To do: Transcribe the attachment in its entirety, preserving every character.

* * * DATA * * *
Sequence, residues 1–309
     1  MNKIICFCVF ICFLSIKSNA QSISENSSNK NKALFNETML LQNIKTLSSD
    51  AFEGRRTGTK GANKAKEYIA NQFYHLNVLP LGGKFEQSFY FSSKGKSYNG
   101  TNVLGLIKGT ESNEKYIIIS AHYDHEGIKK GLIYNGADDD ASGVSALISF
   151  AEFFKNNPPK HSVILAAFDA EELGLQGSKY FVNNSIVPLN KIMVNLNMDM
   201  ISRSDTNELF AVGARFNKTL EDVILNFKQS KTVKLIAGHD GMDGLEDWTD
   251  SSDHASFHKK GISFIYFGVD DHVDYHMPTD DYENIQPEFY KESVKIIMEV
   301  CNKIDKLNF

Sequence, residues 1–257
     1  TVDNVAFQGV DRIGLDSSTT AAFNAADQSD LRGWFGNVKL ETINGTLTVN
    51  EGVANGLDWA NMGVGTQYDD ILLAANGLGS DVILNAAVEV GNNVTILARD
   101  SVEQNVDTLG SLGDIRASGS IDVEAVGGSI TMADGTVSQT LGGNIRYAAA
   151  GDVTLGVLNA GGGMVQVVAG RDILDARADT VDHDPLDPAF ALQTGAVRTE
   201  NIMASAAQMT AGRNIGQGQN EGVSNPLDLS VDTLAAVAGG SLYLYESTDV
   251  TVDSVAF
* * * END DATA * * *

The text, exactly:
Sequence, residues 1–309
     1  MNKIICFCVF ICFLSIKSNA QSISENSSNK NKALFNETML LQNIKTLSSD
    51  AFEGRRTGTK GANKAKEYIA NQFYHLNVLP LGGKFEQSFY FSSKGKSYNG
   101  TNVLGLIKGT ESNEKYIIIS AHYDHEGIKK GLIYNGADDD ASGVSALISF
   151  AEFFKNNPPK HSVILAAFDA EELGLQGSKY FVNNSIVPLN KIMVNLNMDM
   201  ISRSDTNELF AVGARFNKTL EDVILNFKQS KTVKLIAGHD GMDGLEDWTD
   251  SSDHASFHKK GISFIYFGVD DHVDYHMPTD DYENIQPEFY KESVKIIMEV
   301  CNKIDKLNF

Sequence, residues 1–257
     1  TVDNVAFQGV DRIGLDSSTT AAFNAADQSD LRGWFGNVKL ETINGTLTVN
    51  EGVANGLDWA NMGVGTQYDD ILLAANGLGS DVILNAAVEV GNNVTILARD
   101  SVEQNVDTLG SLGDIRASGS IDVEAVGGSI TMADGTVSQT LGGNIRYAAA
   151  GDVTLGVLNA GGGMVQVVAG RDILDARADT VDHDPLDPAF ALQTGAVRTE
   201  NIMASAAQMT AGRNIGQGQN EGVSNPLDLS VDTLAAVAGG SLYLYESTDV
   251  TVDSVAF